Coal Mine Explosion
A former coal mining company has today been sentenced (22nd Oct) for safety failings following an underground explosion at the Kellingley Colliery in North Yorkshire in November 2010.
In a prosecution brought by the Mines Inspectorate of the Health and Safety Executive (HSE), Leeds Crown Court heard that a mixture of flammable gasses had accumulated near to the area in which the miners working – a safety curtain designed to prevent this from happening was damaged, partially removed, and inadequately maintained.
The spark that ignited the mixture of gases is thought to have been caused by falling sandstone striking sandstone.
218 miners were evacuated from the site, shortly before dozens of further explosions took place. Work could not resume at the colliery for almost three weeks.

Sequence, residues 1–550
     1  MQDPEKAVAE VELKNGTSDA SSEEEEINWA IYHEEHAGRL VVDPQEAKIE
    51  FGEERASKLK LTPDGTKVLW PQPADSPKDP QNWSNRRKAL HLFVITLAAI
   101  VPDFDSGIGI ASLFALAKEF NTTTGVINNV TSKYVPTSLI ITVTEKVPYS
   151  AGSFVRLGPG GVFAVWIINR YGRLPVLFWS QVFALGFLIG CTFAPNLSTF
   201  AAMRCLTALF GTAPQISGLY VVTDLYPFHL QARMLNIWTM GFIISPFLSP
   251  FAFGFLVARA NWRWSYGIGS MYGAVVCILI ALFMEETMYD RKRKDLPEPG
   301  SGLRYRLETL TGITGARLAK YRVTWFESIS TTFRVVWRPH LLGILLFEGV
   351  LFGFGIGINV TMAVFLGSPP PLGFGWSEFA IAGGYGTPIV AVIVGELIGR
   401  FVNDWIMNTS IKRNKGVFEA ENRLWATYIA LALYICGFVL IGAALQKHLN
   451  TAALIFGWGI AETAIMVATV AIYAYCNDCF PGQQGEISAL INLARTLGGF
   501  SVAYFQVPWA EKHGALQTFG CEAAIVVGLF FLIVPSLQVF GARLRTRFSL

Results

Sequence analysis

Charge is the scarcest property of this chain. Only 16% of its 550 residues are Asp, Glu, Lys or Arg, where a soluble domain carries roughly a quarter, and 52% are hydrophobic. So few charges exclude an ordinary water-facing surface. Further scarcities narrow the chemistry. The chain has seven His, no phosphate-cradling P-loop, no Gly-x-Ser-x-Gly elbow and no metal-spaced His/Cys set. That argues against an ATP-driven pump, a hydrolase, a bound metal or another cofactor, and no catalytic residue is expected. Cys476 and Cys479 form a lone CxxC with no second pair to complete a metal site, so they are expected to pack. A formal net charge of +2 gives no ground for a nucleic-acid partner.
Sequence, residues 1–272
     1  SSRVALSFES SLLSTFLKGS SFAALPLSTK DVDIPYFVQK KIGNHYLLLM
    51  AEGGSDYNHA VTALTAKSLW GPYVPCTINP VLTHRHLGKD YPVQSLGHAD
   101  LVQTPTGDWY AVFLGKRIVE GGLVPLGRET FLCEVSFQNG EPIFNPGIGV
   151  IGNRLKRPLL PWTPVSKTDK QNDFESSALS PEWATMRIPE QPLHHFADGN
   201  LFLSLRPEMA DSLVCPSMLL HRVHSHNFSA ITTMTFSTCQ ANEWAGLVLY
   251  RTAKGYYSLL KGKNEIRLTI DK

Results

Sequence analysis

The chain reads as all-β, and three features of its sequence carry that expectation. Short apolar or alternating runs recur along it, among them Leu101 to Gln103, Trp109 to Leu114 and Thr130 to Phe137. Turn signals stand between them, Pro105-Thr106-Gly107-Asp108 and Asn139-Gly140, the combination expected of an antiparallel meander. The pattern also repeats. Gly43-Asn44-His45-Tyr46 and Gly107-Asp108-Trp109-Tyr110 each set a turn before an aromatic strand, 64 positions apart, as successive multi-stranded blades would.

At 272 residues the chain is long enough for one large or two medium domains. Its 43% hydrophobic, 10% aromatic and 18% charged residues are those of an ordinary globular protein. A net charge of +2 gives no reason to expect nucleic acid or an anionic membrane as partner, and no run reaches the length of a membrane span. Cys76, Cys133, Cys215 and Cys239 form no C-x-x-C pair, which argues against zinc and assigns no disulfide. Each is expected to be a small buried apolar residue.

UK Coal Mining Ltd of Harworth Park, Blyth Road, Harworth, Nottinghamshire, pleaded guilty to a single breach of the Health and Safety at Work etc Act 1974. The company was fined £50,000, but was not charged prosecution costs – it was agreed that the company’s limited funds will instead be used for the Miners’ Pensioners’ Coal Allowance.
HSE Principal Mines Inspector Bob Leeming commented:
are part of the normal sequence of mining, nor properly specify the design
and standard to be maintained of the protective curtain.
“This case highlights the importance of adequate risk assessments and the
need to properly educate and inform the workforce so that control
measures are understood and properly implemented.”
Since 2006, there have been 15 fatalities in mines in Great Britain.
If you think you, or someone you know, has been affected by an injury in the work place and you would like expert advice on this type of case, contact Hampson Hughes Solicitors today on 0800 888 6888 or email
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